National Geographic Traveler columnist Christopher Elliott recently visited northern California with his family. This is the first of six reports.
Oakland is the kind of city that’s always looking up.
If the drive along Lincoln Avenue over the Highway 13 Bridge–where you can see the ornate Ascension Greek Orthodox Cathedral and the magnificent Mormon Temple, both with stunning views of San Francisco Bay– doesn’t convince you, then keep going.
Wind your way up the hill, along Joaquin Miller Road, among pine trees and enormous redwoods, and you’ll find the Chabot Space & Science Center, which has a first-rate museum and observatory. We discovered it on a bleak January day, enveloped in thick fog, but that made it appear even more ethereal.
It’s always been hard for me to separate contemporary Oakland from my memories of it in 1991, when I was a journalism student at the University of California. A devastating fire ripped through the hillsides on a warm October day, killing 25 people, injuring more than 100 and inflicting over $1.5 million in damages. And although there’s no evidence of the tragedy up in the hillsides today, Oakland still has a reputation as a troubled city.
That made our discovery all the more surprising.
The Chabot, which is affiliated with the Smithsonian, is a world apart from the Oakland you might see in the news. It offers everything from 360-degree planetarium shows to exhibits covering space travel and climate change. On a recent Sunday, the exhibit halls were bustling with parents, mostly locals, who wanted to show their kids the stars.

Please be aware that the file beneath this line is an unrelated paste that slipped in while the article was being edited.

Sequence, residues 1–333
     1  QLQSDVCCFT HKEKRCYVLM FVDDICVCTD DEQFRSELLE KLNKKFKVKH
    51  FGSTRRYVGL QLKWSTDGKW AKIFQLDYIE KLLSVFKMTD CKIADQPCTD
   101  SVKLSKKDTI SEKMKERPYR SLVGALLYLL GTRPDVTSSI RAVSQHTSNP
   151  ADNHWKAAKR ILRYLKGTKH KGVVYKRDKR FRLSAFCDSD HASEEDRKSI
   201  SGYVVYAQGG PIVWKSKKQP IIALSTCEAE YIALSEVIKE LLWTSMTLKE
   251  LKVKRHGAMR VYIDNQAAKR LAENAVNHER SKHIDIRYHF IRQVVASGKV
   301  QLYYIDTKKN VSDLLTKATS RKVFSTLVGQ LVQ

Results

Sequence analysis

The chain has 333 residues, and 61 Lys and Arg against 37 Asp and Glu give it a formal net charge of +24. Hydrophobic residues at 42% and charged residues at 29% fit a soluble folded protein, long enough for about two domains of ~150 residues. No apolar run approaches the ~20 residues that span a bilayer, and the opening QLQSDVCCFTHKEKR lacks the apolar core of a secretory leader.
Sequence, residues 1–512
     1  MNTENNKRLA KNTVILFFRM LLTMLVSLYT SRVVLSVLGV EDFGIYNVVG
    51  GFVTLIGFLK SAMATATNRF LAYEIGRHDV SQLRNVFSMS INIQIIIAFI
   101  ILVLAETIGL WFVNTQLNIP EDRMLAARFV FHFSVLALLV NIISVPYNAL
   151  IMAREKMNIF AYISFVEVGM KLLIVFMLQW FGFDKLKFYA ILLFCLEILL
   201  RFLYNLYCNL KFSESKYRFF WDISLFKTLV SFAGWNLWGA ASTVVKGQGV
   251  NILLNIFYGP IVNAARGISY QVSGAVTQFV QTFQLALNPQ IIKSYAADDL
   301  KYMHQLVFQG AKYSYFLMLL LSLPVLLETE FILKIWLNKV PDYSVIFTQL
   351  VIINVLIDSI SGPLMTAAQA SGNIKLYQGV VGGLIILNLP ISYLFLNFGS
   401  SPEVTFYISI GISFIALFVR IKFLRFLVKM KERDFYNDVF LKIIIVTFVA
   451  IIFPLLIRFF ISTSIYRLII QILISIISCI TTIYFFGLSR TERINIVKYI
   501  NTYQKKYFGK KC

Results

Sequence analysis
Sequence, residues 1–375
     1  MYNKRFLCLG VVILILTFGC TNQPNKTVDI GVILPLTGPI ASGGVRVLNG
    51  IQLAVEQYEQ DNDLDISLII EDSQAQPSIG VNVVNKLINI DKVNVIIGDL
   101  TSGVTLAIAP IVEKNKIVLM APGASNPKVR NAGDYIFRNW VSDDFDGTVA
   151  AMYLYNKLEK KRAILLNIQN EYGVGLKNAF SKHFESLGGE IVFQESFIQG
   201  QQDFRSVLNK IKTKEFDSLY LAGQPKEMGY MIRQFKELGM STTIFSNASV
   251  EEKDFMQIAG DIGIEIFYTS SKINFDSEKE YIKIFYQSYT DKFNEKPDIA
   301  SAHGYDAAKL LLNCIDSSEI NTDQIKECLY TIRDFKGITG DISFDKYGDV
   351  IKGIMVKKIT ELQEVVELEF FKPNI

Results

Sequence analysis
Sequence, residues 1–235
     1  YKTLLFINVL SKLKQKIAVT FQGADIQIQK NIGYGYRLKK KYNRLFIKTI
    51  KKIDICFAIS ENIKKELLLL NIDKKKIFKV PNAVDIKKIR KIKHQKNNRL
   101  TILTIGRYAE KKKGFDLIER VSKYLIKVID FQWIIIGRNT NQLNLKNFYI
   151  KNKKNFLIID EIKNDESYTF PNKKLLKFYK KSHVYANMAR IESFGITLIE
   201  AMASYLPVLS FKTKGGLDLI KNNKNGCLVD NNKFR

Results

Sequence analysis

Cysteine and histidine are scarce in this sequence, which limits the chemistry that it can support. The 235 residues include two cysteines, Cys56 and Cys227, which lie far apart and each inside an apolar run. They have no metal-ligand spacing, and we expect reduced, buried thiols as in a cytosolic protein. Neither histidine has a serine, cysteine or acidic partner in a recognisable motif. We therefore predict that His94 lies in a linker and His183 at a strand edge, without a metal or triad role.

There’s something wonderful about the way kids react to the void of space and the possibility of new worlds. They are curious and receptive, not at all like adults, who can be suspicious and protective when they’re confronted with new ideas. My children came away from the exhibit with a sense that they, too, could look up and perhaps one day visit other planets.
We’re seasoned museum-goers, but rarely have we seen a science museum that’s this interactive. My middle child, Iden, spent a good part of his visit sporting a replica space helmet. And my oldest son, Aren, correctly identified several volcanoes on a giant plastic replica of Mars. (His parents were forced to admit they didn’t even know Mars had volcanoes.)
You don’t have to go this far up into the hills to see that Oakland is the kind of place with aspirations, and whose people are looking up. Down on Jack London Square on the harbor, where we’re staying at the Waterfront Hotel, there’s evidence of this city’s dreams. New condos are being built here, and there’s electricity in the air, even long after the glow of the holidays has faded.
It seemed appropriate to me, in almost a theological sense, that the churches, temples and observatories were high on the mountain, as if reaching to find meaning and purpose.
But spend enough time in Oakland, and you may feel that it’s a metaphor for the whole city.